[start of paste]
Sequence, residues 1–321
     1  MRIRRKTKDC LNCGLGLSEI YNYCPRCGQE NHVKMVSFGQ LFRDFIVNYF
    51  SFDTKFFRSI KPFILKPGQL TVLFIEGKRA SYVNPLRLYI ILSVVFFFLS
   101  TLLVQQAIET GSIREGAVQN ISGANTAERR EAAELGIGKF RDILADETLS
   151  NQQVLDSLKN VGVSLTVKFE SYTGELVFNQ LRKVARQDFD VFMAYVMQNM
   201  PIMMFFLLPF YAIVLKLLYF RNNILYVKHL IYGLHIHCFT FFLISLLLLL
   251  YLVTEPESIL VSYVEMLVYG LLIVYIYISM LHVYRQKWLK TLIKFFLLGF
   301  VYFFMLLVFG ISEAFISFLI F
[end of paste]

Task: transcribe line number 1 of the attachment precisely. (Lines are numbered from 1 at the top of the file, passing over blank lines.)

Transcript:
Sequence, residues 1–321